Advertising for the Laundromat: A Short Story

Once, there was a woman who owned a Laundromat. She called her two daughters and asked them,  

“How did you represent me today?”

One girl stepped forward and read from a sheet of paper in her hand:

“Mom. I told everyone about you. I wore all your clothes so everyone would know where I’m from. I did not stand for mud where I saw it and boldly spoke about how only you can clean clothes. I lost a lot of friends, mom, but for you it was worth it.”

Her mother smiled. “How did you lose your friends, my daughter?”

“There are those who couldn’t stand my words, so they walked away. There are others who refused to clean up so I left them.”

“And you, my other daughter – how did you represent me today?”

“Mommy, I told everyone about you, how you are the only one who can clean clothes.”

“I’m the only one who can clean clothes you say, then why are yours so dirty?”

“I was right there in the mud with them.”

“And how did that represent me, my daughter?”

“Mommy, I came right back with my all my friends.”
The first girl frowned at her sister. “So you intentionally got dirty so you could bring your friends back with you to get your clothes cleaned? Is that how you planned to show off mom’s laundry service?”

Her sister looked down. “No. That wasn’t my intention. I went out to keep my clothes clean, and like you – to boldly talk about mommy’s Laundromat. But the kids couldn’t hear me, they were playing in the mud, and I was too far away – I was standing apart so I wouldn’t get dirty. I became frustrated and jumped right in there with them. While they played, I talked about mom and how clean her clothes are, and how happy I am to know where I can go to get clean, and that if they wanted, they could come with me. Some stayed but my friends left with me.”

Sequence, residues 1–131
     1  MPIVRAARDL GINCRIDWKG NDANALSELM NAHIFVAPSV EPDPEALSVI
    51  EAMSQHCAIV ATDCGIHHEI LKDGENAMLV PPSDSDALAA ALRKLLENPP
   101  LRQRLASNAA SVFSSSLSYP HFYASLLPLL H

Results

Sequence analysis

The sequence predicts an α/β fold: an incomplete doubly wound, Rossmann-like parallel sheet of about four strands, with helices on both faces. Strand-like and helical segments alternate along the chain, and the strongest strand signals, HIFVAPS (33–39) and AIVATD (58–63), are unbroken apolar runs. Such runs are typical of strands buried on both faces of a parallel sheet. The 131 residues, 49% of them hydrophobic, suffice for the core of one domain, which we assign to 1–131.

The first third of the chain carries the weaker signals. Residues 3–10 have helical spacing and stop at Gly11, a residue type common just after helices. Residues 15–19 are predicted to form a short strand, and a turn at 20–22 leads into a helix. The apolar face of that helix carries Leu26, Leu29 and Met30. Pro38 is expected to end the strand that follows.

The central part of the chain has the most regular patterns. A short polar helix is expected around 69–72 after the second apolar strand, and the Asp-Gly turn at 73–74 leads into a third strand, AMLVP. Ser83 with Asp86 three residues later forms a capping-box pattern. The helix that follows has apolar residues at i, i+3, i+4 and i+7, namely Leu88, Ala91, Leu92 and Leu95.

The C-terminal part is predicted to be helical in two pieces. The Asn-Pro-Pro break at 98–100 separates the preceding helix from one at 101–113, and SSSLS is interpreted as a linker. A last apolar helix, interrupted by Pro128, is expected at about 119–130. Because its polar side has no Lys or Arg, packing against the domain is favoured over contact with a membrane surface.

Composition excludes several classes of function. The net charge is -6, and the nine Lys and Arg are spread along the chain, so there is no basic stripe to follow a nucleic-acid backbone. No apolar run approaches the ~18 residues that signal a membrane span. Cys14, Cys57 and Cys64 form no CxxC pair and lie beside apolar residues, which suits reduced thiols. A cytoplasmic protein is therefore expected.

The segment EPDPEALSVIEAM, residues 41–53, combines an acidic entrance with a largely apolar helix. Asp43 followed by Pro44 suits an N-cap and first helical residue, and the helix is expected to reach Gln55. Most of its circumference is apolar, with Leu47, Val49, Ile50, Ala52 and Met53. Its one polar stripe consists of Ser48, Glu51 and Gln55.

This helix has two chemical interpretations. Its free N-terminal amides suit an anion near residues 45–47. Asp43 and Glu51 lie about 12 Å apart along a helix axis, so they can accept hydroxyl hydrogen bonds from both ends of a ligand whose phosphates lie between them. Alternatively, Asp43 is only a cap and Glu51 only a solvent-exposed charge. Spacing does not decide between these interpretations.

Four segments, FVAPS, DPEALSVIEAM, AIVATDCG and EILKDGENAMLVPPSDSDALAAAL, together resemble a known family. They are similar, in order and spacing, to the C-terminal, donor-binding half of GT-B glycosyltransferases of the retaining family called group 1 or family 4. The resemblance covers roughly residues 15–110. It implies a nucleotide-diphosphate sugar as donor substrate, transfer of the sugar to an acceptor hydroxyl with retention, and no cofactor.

“But you said you came with all your friends!” Incredulous look. “How did you if some stayed?”

“Those were never my friends to begin with.”
“Ok, my daughters. Enough.” The woman raised her hand.

“Sweetheart,” she turned to the first girl. “You declaring that you’re clean and others are dirty, publicly shaming and cutting them off because they didn’t listen to you is not what I raised. You stayed clean, but who did you bring? I want you to go out and try again.”

“Babygirl,” she smiled at the second. “We don’t deal in dirty clothes in this house. You and your friends get washed up.”
The first girl was upset. “I don’t understand mom. Did you expect me to jump into the middle of muck with all the filthy kids just to get them to come to you?”

“No, my daughter. But did you hear what your sister said? While they played she talked to them. And now when they all go out to play, others will see and remember and say, “Weren’t we with those girls that day in the mud? Look how clean they now are. Let’s go follow them.” 

But as for you, when others see you walking up and down the streets in your clean, white clothes shouting in my name, they’ll say, “Isn’t this that girl who says her mom owns the best laundry service in the village? What does she know of dirt, the way she parades herself on dustless floors and under cool, shades from trees?”  Now go out there, and try again.”
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Advertising for the Laundromat: A Short Story

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